Equality advocates look to California

Ignorance is one thing… LYING is something altogether different. It’s the extension of the Bush big lie philosophy: tell a lie often enough and people will believe it. That has always been a critical element of the war on LGBT people.

Equality advocates look to California
Ann Rostow, PlanetOut Network
Thursday, July 6, 2006 / 10:30 AM
SUMMARY: Activists condemn the N.Y. anti-marriage ruling and pin hope on a case unfolding in California, where existing law is more gay-friendly.

New York activists staged rallies across the state Thursday night as the community digested the discouraging 4-2 high court ruling upholding the state’s biased marriage laws.

Throughout the day, LGBT groups and allies condemned the lightly reasoned majority decision, both for its end result and for its reliance on prejudiced notions of gay families. And they looked to California, where equality advocates will argue Monday for same-sex marriage before a state appellate court in San Francisco.

The National Gay and Lesbian Task Force’s Matt Foreman called Thursday’s decision “insulting,” “tortured” and “intellectually strained.” The Human Rights Campaign’s Joe Solmonese characterized the majority analysis as “archaic,” “rooted in ignorance and completely contradicted by the facts of today.” The ACLU said the high court “ignored the advice of the leading child health and welfare organizations as well as decades of social science research.”

In San Francisco, the National Center for Lesbian Rights wrote that the courts in California are “unlikely” to follow New York’s lead.

On Monday, NCLR legal director Shannon Minter will argue the case for same-sex marriage before a three-judge panel of the San Francisco area appellate court. The court is expected to spend six hours listening to debate in a coordinated group of six marriage cases, led by the NCLR’s Woo v. Lockyer.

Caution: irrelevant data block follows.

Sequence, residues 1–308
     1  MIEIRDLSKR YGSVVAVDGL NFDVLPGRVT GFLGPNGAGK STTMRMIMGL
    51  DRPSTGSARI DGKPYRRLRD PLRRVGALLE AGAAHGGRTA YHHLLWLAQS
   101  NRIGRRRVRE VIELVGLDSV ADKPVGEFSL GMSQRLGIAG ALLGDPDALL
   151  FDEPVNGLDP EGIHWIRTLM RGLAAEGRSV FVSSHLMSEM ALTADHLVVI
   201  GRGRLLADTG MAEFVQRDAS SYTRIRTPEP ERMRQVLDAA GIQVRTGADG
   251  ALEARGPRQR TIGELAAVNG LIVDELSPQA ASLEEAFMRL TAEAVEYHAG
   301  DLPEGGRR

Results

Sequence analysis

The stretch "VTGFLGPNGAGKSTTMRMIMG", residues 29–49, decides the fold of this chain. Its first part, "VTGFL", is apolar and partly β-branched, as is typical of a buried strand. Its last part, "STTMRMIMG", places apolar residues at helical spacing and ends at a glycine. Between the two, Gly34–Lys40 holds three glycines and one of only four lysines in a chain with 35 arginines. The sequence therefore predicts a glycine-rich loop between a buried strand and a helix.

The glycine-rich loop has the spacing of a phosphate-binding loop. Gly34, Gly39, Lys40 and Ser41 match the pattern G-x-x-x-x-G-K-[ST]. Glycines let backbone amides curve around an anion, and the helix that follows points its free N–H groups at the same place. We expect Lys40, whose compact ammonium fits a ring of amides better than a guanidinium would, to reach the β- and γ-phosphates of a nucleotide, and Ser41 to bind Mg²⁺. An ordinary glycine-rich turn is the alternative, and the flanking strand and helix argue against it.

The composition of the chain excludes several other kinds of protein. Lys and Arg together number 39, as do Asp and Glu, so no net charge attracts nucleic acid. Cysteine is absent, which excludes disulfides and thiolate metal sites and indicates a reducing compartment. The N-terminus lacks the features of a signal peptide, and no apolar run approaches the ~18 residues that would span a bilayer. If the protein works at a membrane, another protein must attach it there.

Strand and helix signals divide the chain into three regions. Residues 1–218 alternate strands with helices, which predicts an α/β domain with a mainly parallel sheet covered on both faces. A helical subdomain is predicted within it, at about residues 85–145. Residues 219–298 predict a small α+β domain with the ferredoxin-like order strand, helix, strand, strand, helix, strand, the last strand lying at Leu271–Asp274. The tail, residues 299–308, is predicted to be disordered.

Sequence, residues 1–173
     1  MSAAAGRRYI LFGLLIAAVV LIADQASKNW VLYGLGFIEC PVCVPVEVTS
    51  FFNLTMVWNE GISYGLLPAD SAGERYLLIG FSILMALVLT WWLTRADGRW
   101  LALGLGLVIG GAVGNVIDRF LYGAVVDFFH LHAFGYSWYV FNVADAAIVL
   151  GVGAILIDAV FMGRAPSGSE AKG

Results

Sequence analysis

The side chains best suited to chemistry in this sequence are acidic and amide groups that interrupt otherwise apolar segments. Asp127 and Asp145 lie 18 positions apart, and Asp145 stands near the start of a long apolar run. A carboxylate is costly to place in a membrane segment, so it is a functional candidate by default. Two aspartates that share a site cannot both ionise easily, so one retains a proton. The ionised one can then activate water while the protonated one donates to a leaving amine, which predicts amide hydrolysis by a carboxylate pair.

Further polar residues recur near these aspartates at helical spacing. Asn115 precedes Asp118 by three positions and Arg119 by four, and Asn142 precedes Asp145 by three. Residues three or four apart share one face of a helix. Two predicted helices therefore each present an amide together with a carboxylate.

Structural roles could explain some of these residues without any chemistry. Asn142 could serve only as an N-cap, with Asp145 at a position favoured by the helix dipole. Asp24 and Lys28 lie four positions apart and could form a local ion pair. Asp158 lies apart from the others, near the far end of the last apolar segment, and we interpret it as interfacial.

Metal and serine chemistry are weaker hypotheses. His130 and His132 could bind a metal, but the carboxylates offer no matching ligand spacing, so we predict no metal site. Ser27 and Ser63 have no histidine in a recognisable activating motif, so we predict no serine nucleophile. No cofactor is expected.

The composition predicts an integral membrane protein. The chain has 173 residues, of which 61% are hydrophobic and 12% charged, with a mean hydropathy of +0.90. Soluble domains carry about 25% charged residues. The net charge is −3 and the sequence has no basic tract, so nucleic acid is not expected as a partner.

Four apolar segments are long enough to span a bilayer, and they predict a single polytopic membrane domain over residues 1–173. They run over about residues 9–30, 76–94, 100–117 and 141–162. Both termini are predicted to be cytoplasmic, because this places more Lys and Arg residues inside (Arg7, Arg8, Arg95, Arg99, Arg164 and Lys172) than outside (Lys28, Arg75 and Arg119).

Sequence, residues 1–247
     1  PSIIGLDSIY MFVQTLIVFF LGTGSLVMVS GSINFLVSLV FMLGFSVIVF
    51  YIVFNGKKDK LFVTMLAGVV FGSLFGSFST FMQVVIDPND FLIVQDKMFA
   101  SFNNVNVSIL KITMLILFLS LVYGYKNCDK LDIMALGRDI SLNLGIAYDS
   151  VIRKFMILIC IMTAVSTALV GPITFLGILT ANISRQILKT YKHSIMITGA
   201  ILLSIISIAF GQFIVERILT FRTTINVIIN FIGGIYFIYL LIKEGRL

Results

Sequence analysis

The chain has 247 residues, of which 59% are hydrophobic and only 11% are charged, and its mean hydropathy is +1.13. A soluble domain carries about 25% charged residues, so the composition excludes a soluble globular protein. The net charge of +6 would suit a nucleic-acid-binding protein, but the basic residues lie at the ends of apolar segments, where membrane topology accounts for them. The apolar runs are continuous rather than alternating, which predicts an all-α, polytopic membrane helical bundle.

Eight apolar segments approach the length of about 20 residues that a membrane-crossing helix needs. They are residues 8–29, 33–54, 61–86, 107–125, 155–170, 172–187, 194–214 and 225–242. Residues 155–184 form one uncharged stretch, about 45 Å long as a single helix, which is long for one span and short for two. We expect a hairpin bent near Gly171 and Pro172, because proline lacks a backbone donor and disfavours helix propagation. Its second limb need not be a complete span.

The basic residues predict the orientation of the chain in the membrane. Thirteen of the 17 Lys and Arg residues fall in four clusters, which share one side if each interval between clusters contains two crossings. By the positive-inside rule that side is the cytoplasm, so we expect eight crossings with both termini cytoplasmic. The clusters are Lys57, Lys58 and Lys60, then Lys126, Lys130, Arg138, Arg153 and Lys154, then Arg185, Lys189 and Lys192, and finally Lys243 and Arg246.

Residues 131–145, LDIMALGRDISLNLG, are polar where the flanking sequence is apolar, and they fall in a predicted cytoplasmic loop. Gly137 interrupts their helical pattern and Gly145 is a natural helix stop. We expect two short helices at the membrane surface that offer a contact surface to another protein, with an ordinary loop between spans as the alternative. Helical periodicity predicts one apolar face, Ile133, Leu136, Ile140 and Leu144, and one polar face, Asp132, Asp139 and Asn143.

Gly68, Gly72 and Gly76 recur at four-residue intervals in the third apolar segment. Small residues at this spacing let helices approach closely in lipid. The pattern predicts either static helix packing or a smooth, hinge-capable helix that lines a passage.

As Minter pointed out Thursday, California is well ahead of New York in terms of its civil rights policies, and now offers a domestic partner program that carries virtually all of the rights of marriage in the state. Unlike in New York, the state’s attorneys are not advancing specifically anti-gay arguments. Instead, they are trying to insist that California already treats both gay and straight couples equally, and that retaining the historical definition of marriage is a harmless bow to tradition.

As they challenge the very concept of a separate-but-equal institution, Minter and his colleagues will be able to remind the court of what Minter called “a proud legacy of standing up for personal dignity and individual freedom.” In 1948, the California Supreme Court was the first state tribunal to rule that bans on mixed race marriages were unconstitutional, taking that unpopular stand fully 20 years before the U.S. Supreme Court struck miscegenation laws throughout the country.

Long before the California cases make their way through the appellate court and into the California Supreme Court, marriage rulings will be handed down by two other top courts.

In Washington, marriage advocates have been waiting over 16 months for a decision in two combined marriage cases that were argued before the justices in March 2005. By contrast, the New York Court of Appeals issued its ruling barely a month after oral arguments were conducted last May.

In New Jersey, oral arguments were held last February, and a decision is expected late this summer, perhaps in August.

Hopes for a marriage victory have always been high in New Jersey, where the court and the state have a reputation for courage and respect for civil rights. Washington was once considered a toss up, but the lengthy delay has encouraged some community leaders, who reason that the court would have ruled quickly had the majority decided to uphold the status quo.

A ruling from California is well down the road, but as Minter indicated, the state Legislature and the state courts have a history of blazing trails and advancing gay rights. In November, California’s Legislature became the first in the country to legalize same-sex marriage by statute, passing a bill that was vetoed by Gov. Arnold Schwarzenegger.

Marriage equality cases are also under way at the appellate court level in Maryland, and in the lower courts of Connecticut and Iowa.

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